We are all complicit in the suffering of refugees if we stand by and remain silent, Pope Francis has said, in some of his strongest words on the crisis yet.
In a statement released ahead of the 2016 World Day for Migrants and Refugees, which will be celebrated by most countries on January 17, the pontiff challenged the international community to respond with compassion to those fleeing war and persecution. So far this year, half a million refugees have crossed the Mediterranean into Europe, many of them fleeing Islamic State in Iraq and Syria.
Alluding to Jesus' call to serve the poor in Matthew 25, the pope said it is vital that we treat refugees with the dignity they deserve. "At the heart of the gospel of mercy, the encounter and acceptance by others are intertwined with the encounter and acceptance of God himself," Francis said. "Welcoming others means welcoming God in person!"
Refugees are merely seeking "a better, more prosperous life" for their families; a desire that we all share, the pope added. They are "our brothers and sisters in search of a better life, far away from poverty, hunger, exploitation and the unjust distribution of the planet's resources, which are meant to be equitably shared by all."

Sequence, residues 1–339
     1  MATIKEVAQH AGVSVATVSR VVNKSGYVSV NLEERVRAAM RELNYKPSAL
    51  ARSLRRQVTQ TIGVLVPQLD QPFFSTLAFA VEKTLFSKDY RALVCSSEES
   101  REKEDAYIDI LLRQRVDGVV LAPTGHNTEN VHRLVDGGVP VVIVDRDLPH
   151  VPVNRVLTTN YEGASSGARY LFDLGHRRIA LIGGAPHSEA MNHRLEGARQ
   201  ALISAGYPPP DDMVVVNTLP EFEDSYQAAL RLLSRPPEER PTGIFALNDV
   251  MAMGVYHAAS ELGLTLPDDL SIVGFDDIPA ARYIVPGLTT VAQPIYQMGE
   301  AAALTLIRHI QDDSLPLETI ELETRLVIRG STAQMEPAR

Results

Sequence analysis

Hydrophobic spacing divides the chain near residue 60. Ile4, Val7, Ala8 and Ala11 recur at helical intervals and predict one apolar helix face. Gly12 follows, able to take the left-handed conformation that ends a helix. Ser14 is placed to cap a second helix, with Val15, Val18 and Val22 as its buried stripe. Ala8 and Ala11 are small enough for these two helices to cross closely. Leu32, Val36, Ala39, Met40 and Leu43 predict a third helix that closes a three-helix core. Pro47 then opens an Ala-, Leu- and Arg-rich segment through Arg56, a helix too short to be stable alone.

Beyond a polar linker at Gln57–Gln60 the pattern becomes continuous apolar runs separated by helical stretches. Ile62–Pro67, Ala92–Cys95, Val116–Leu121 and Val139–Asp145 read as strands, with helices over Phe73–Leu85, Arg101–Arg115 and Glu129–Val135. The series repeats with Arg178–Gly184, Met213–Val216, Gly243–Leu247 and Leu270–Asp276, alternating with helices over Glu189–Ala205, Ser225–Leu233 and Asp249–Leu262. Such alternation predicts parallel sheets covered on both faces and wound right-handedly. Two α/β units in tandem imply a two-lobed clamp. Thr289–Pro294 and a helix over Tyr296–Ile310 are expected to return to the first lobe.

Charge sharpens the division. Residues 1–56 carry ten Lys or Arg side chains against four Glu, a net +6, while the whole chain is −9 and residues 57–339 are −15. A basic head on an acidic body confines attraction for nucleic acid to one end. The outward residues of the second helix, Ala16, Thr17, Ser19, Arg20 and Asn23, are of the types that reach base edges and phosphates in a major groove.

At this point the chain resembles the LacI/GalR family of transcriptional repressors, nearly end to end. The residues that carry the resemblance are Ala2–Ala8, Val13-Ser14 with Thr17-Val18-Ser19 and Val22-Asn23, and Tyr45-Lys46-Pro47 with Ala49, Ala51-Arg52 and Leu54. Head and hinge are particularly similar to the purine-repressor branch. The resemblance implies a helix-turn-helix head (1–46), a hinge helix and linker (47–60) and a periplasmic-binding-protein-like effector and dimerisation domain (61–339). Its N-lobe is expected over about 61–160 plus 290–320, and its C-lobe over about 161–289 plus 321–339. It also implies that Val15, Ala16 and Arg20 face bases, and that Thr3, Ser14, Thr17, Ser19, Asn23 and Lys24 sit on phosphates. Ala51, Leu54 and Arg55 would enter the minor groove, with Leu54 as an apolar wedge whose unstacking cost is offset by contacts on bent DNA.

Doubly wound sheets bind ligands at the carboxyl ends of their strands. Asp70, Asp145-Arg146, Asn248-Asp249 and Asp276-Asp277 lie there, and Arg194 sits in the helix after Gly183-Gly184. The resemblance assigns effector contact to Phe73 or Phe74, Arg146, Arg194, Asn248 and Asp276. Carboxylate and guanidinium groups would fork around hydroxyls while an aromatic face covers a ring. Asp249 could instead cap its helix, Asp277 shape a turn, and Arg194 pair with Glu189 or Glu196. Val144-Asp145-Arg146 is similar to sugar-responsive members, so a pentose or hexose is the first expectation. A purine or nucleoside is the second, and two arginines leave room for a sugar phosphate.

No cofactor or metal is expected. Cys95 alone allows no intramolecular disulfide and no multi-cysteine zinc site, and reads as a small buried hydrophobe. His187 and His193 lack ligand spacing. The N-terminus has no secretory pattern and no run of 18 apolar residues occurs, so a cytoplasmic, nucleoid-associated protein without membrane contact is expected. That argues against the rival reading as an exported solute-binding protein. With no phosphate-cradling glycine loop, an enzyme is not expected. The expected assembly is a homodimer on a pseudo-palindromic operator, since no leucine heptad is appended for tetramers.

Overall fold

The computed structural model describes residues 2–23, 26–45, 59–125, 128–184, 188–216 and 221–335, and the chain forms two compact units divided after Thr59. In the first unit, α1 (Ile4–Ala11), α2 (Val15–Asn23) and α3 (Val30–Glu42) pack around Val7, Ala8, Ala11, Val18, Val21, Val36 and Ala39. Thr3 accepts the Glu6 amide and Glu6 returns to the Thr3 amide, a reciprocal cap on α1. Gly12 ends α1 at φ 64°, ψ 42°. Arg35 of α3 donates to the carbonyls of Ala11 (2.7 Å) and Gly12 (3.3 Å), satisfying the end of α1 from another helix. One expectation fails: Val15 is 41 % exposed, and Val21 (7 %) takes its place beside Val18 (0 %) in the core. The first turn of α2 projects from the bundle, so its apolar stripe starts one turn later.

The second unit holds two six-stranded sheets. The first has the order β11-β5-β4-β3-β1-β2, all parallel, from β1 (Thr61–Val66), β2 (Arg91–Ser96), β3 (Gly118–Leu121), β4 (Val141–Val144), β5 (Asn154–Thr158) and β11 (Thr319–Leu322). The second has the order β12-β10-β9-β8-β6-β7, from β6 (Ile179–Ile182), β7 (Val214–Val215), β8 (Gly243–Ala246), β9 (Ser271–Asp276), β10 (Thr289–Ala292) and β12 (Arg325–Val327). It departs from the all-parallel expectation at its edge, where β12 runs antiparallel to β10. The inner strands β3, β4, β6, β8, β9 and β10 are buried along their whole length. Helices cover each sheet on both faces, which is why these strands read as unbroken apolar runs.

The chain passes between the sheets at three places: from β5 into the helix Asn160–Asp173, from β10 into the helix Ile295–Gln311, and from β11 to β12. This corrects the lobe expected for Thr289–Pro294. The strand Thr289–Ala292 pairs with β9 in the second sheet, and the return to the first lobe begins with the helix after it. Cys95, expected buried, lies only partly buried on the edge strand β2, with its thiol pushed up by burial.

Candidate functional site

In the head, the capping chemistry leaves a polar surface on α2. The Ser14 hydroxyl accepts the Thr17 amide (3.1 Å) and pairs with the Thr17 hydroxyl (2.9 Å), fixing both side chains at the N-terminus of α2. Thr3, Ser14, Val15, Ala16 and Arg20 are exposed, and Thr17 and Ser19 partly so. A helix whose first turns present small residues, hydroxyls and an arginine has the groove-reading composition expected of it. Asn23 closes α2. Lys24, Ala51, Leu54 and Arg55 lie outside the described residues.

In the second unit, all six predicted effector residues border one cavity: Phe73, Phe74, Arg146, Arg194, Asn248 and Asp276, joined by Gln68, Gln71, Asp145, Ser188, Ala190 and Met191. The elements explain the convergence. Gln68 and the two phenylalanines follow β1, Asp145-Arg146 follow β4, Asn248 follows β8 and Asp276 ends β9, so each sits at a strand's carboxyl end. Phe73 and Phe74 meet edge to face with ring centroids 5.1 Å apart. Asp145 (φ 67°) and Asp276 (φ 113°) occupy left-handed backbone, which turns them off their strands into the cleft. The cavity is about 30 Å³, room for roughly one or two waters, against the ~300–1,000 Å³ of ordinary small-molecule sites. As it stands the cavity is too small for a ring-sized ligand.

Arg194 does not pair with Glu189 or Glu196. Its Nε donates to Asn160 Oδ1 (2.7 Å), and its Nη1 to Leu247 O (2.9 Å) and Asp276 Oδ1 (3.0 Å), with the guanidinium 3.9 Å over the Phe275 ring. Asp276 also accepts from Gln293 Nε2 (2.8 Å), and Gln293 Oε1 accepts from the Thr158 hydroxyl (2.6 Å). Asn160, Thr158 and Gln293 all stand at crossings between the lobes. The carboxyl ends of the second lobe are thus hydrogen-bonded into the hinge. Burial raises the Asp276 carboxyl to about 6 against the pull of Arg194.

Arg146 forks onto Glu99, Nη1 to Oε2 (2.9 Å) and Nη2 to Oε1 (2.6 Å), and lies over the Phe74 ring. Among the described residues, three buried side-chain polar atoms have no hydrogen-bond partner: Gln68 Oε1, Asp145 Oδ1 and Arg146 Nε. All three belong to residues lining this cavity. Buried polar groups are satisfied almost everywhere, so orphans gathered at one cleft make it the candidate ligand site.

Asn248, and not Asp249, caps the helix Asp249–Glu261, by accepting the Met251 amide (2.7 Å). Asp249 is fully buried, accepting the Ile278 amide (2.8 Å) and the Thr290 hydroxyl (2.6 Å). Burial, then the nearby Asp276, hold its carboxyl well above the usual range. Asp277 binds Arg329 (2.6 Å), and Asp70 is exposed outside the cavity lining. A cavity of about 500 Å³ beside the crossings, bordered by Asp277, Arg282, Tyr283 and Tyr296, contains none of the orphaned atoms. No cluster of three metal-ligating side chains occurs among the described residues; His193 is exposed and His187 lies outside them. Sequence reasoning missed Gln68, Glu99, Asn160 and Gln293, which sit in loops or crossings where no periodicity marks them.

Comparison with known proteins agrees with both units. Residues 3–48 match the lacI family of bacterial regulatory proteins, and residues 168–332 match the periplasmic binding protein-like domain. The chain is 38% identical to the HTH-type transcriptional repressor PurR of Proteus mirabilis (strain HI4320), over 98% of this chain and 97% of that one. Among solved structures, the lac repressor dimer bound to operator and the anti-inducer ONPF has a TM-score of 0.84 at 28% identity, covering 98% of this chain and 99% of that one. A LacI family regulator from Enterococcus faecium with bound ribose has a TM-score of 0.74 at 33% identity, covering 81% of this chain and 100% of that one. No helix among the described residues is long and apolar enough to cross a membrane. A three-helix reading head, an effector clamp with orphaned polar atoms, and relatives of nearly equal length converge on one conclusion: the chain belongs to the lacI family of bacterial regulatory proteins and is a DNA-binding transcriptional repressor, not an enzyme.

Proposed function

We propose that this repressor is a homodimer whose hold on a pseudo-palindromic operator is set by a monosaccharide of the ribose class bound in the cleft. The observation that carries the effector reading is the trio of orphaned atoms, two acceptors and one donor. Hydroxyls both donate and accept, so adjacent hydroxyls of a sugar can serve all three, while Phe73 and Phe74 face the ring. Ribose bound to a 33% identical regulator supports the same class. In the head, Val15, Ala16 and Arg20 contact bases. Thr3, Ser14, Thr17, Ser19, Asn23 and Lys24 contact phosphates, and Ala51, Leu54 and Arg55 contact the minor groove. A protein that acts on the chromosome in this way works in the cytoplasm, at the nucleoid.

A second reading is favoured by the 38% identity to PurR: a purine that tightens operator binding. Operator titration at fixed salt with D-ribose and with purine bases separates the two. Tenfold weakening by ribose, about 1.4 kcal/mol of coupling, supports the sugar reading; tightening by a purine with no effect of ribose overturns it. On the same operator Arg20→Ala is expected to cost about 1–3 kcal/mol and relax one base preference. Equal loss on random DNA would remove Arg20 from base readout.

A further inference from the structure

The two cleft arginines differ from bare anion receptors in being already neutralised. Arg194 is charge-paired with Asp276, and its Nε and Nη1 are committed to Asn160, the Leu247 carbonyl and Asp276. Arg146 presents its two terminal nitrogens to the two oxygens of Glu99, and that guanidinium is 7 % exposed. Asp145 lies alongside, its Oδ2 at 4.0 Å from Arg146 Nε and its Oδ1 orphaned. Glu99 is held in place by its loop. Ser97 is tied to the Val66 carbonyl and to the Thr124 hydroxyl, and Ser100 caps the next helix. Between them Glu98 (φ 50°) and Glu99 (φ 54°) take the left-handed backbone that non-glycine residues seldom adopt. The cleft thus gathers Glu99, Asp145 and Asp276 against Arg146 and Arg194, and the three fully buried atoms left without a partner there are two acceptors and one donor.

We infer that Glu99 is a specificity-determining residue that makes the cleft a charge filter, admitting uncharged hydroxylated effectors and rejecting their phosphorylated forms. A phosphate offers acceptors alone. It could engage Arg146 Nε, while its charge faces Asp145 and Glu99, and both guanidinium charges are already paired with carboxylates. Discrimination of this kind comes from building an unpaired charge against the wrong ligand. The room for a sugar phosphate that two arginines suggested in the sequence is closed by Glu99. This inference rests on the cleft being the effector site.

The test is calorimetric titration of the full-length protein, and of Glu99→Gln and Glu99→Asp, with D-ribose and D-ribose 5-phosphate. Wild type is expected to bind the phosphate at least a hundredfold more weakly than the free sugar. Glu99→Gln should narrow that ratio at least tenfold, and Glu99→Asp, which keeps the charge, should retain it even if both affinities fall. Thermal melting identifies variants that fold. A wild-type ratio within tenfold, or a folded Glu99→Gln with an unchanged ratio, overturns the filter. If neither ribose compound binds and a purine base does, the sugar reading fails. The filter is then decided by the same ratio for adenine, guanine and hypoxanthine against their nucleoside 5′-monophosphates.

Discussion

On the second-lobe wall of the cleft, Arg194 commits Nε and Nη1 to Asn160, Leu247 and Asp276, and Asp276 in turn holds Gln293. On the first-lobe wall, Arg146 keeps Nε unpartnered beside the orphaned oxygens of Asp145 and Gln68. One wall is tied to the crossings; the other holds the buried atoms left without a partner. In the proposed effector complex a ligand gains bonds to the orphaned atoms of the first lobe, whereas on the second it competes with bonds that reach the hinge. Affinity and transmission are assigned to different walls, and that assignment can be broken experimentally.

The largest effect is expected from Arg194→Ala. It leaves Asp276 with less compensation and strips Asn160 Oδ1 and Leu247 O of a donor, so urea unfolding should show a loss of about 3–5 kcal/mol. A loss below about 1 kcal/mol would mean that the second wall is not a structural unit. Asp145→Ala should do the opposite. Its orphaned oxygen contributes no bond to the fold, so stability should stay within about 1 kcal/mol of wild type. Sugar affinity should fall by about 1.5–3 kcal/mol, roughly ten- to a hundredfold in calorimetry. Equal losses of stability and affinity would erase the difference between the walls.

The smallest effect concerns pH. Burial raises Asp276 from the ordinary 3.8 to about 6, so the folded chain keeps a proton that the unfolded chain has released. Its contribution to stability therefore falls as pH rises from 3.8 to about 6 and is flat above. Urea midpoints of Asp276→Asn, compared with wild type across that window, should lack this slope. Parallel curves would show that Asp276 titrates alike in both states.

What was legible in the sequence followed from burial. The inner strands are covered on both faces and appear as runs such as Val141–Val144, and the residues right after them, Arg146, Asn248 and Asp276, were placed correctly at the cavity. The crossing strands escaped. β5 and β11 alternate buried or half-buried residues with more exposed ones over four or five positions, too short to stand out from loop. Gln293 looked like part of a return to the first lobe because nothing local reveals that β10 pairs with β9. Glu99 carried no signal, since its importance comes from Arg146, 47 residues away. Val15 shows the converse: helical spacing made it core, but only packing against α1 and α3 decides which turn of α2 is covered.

Francis blamed "unacceptable humanitarian crises" across the globe for forcing innocent people to flee their homes, but said we must all take responsibility for what happens to them.
"Indifference and silence lead to complicity whenever we stand by as people are dying of suffocation, starvation, violence and shipwreck," he said. "These are always tragedies, even when a single human life is lost."
Those countries that welcome refugees should seek to help them integrate into society, and "prevent the danger of discrimination, racism, extreme nationalism or xenophobia," the pope added.
"Biblical revelation urges us to welcome the stranger; it tells us that in so doing, we open our doors to God, and that in the faces of others we see the face of Christ himself."
Pope Francis has long been outspoken in his response to the refugee crisis, and has previously called for church buildings to be used to help those in need of shelter.
The Vatican has already taken in a Syrian family of four, and has pledged to take another.